The conflict between Russia and Ukraine, including the confrontation in Donbas and occupation of Crimea, could last for years. Both the imperial project in Russia and democracy in Ukraine are seemingly taking root, and the West is trying to stabilize the conflict.
In the long-term perspective it means that military challenges will remain, and Ukraine, whether it wants it or not, will militarize. The level of trust towards existing institutions is low, and in this context the growth of the army as an institution means that in areas close to the frontline, although possibly all over the country, the Armed Forces of Ukraine will gain influence, and the role of the military will go beyond the traditional defense role.
Ukraine has two models of countries with a strong army to look up to — Turkey and Israel.
In Turkey, where the founders of the state saw Islamism as a danger to statehood, the army has always been the guarantor of secularity, even if it meant being less democratic. It was an advantage and a curse of a Kemalist (secular) political wing, which eventually lost the political battle to Islamists. Although, the past 10 or 15 years has seen the rise not so much of the Islamists, but of the Erdogan regime, which used the Islamists and the democratic institutions in Turkey to consolidate its power.
Under Erdogan, the army has been politically weakened. Officers who were not loyal to the president ended up behind the bars or sent to be retired. However, the army traditionally remained a threat to the Islamists. The Turkish army represents stability in a very unstable region — surrounded by Syria, Iran, Iraq, Georgia (with its territories annexed by Russia), Armenia (that is not friendly to Ankara), and Greece (that is not exactly friendly either). For this reason, a capable army is important for national security and the competitiveness of the political process.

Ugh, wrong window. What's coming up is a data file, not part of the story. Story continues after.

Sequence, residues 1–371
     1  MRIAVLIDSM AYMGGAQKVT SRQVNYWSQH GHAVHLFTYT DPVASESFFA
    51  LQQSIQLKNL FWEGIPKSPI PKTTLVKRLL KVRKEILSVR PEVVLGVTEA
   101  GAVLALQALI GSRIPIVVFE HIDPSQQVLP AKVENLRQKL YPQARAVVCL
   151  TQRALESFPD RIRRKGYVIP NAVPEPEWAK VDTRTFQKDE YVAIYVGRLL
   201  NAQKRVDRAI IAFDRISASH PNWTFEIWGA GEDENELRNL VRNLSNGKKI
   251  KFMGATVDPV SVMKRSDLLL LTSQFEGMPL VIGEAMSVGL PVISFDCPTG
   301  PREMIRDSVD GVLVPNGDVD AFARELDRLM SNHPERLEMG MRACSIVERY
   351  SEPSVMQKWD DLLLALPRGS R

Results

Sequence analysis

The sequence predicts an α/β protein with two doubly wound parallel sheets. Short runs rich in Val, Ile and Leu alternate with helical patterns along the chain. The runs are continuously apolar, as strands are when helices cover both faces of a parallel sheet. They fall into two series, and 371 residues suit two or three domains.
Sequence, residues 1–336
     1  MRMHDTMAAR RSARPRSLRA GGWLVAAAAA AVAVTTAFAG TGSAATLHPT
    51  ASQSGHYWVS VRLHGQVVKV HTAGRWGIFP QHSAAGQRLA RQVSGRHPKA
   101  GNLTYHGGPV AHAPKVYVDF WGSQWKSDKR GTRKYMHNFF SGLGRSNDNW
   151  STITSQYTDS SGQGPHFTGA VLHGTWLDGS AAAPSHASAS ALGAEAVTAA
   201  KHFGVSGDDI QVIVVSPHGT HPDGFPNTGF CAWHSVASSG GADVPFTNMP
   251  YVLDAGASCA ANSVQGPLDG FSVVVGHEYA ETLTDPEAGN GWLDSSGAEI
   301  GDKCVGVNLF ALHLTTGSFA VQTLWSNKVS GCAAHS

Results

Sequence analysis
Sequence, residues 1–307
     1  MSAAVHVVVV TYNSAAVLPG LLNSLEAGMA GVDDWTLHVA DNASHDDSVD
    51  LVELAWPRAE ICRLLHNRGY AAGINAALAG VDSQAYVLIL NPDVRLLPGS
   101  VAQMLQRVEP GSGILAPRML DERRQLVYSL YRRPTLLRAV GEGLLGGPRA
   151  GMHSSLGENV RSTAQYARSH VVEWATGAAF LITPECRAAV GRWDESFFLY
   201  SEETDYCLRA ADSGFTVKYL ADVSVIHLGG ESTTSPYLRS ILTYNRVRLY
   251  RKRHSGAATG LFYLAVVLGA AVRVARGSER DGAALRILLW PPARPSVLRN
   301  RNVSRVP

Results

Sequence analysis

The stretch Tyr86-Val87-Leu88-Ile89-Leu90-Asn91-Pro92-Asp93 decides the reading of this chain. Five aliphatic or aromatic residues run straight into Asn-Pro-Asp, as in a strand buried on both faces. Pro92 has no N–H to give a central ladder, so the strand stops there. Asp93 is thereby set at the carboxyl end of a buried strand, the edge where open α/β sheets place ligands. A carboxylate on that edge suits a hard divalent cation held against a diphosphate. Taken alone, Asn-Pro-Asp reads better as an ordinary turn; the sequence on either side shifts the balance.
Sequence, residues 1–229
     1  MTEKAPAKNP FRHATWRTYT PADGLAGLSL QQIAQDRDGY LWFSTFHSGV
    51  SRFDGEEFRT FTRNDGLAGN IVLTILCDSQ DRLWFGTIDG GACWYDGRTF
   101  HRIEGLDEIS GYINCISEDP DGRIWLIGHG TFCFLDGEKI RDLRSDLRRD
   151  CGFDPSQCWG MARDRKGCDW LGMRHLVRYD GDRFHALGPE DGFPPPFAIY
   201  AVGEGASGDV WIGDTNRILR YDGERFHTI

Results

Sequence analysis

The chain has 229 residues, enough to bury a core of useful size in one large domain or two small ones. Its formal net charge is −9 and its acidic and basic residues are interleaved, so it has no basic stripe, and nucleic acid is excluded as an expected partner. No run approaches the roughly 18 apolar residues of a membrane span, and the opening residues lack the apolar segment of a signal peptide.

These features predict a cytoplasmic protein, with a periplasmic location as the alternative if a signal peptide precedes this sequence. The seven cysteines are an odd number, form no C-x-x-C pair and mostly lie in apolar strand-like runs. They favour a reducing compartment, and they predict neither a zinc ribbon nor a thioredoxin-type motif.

Israel has a different model, where the army is much less politicized, although it has enormous impact on society. In Israel, the army allows society to perceive external and internal security challenges as rational and avoidable, which helps manage fear a great deal. The army is also one of the sources of equality in society. It is a place where people build networks, gain managerial experience, social capital that later flow into other spheres: business, politics, or civic activism. The army is one of the major social elevators in Israeli society.
In Ukraine, the army serves the defense mission, but is surrounded with new, wider opportunities. The army may become a new, meritocratic selection system that will help fill the institutional vacuum in Donbas, with time in Crimea, and not only there. The army may become a political player. This poses a risk of ‘stable instability’, as the state’s weak monopoly for using force will from time to time be privatized, which will be hard to resist. The balance will have to be created by simultaneous strengthening of other structures — which will put us in constant risk of ‘wars between law enforcement agencies.’
If Ukraine goes down the road of building a strong army, which I think is inevitable, it is important to remember that it is not only about the power of the military, but also about society being able to protect itself from the possible abuses of this power.
Turkey is a close example that may be inspiring for many, but the situation in Ukraine is very different. For instance, we don’t have access to NATO’s intellectual networks like Turkey does. Right now, the attempt to build a ‘guarantor army’ taking Turkey as an example, may rather lead to creating another political group, which will follow a more familiar Slavic tradition.
The Turkish experience is important, but in my personal opinion, Israel’s way of building an independent non-aligned army which is one of the driving forces of society, while simultaneously protecting the political process from the army’s institutional influence is more important for Ukraine.
A column serves to express the personal opinion of the author. It does not aim to be objective or comprehensive about the topic in question. The opinion of Ukrayinska Pravda editors may differ from that of the author. The editors are not responsible for the factual accuracy and interpretation of the information, our media outlet hereby only serves as a platform.
Translated by Tetiana Vodianytska